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I don’t remember how old I was when my grandparents took us to our first dance. Old enough that all five of us kids could walk on our own. The music from the Tejano band echoed off the pavilion. My popo held my momo in his arms and spun her around the dance floor as if it was as easy as breathing. Her dancing heels and his black leather shoes scraping softly across the cermet. Their love for each other has always inspired me because that was love, the stars in her eyes as she moved her hips to the music.

I begged my brothers to dance with me because there were few other children there, and none that would talk to me. I hungered for the movement, for the music to wash over me and leave its mark on my soul. When they wouldn’t oblige me, I’d sway with the music all by myself. The can lights above me flashing red and white.

This was the start of my love for dance. I begged my mom for ballet lessons, but when you’re a single mom trying to make ends meet there is no money left for pink slippers and leotards. In middle school, they started offering dance as a substitute for P.E., and I jumped for it. For three years, I was in the dance program. Was I any good? Hard to say. But I danced with joy.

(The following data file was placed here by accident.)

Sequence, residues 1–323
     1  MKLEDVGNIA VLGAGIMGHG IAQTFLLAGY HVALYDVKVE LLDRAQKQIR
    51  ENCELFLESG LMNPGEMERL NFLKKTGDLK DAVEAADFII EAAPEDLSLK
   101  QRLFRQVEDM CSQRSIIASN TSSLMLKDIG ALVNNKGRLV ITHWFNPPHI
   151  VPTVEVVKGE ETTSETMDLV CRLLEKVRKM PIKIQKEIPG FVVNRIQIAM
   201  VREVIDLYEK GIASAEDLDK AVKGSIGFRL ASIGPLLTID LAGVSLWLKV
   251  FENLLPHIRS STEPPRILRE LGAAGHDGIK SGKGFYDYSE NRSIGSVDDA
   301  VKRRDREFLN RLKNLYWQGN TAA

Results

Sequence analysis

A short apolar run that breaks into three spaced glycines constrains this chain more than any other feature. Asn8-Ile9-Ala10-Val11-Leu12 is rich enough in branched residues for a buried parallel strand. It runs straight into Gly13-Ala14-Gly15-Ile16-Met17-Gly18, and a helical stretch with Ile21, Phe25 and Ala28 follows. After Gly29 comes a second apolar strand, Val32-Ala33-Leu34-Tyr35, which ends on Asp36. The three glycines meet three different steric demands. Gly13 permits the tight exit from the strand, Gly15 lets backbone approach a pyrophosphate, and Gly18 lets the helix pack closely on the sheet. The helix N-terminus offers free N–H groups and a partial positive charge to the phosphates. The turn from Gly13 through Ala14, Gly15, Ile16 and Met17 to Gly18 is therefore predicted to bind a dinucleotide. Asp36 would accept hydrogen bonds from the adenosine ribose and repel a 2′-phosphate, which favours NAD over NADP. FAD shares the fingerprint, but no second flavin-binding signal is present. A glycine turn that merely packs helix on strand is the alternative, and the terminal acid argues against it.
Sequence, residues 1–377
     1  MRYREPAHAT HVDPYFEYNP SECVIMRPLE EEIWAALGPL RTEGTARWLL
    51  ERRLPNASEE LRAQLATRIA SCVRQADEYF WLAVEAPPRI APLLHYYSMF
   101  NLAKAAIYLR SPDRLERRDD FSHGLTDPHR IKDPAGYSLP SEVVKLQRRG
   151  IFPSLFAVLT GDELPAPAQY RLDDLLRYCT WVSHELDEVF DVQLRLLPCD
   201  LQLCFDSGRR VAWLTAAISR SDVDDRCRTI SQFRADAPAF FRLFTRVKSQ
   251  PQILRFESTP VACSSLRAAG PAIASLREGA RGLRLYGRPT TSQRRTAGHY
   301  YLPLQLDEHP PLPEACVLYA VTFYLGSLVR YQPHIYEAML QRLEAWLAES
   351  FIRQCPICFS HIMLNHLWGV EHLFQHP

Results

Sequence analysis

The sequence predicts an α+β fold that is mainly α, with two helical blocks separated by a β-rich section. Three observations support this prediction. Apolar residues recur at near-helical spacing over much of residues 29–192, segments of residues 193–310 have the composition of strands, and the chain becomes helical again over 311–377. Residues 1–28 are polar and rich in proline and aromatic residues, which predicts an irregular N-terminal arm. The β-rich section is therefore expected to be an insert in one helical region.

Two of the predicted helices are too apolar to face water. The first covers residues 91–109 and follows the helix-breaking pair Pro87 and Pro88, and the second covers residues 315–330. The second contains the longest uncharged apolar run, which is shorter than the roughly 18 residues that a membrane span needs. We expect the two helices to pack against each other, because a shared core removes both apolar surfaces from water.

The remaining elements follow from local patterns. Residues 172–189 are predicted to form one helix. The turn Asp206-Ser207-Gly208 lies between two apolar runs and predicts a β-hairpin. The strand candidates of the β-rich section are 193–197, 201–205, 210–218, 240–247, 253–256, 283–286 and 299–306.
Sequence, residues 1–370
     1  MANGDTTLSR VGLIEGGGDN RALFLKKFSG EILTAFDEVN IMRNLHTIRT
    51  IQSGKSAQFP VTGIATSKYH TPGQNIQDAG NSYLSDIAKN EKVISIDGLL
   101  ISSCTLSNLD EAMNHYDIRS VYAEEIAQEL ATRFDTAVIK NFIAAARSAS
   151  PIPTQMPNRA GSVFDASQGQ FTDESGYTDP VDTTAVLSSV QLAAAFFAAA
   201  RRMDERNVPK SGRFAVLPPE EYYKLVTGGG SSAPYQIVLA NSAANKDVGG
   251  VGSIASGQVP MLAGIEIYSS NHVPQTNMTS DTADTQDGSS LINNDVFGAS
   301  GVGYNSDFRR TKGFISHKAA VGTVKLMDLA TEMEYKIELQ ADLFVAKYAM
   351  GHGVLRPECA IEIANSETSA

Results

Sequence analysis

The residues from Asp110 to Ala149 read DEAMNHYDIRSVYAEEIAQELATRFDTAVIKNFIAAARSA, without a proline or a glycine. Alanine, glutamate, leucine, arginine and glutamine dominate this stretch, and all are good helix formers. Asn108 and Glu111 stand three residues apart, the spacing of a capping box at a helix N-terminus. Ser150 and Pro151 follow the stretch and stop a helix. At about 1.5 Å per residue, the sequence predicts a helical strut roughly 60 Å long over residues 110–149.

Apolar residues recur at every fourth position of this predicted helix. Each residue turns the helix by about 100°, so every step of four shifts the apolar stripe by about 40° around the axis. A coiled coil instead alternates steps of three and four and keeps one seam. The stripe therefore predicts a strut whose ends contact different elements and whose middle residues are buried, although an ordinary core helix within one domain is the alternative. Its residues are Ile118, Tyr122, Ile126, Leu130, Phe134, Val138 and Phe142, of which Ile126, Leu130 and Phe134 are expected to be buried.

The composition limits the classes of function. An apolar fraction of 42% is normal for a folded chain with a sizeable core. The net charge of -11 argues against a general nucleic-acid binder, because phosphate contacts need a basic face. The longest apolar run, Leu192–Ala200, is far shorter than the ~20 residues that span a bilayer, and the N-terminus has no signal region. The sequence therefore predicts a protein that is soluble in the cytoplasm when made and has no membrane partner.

Every school function I was there, dressed to the nines, and the last one to leave the dance floor. Well, save my best friend who was always right there with me. From winter formals to prom, we were out there having the time of our lives.

There are few situations in which there is music, and I don’t feel the urge to move my body along to the beat. It speaks to my soul, the notes make a beautiful wave for me to be carried on.

I have this theory. Well, technically, it’s not my theory; it’s Anna, my coworker’s, theory. Those who dance are happier than those who don’t. She made a particular claim while we watched a young boy groove to the music that played in the dining room of our restaurant. But I do agree with her, as a person who dances in the supermarket aisles and whilst doing chores at home, I wholeheartedly believe that those who dance through life and headed somewhere brighter.

Arianna is Texas raised. A junior at Stephen F. Austin in the creative writing department. Having had publications in the charity chapbook Remedy of Water, the proceeds donated to the California wildfires.
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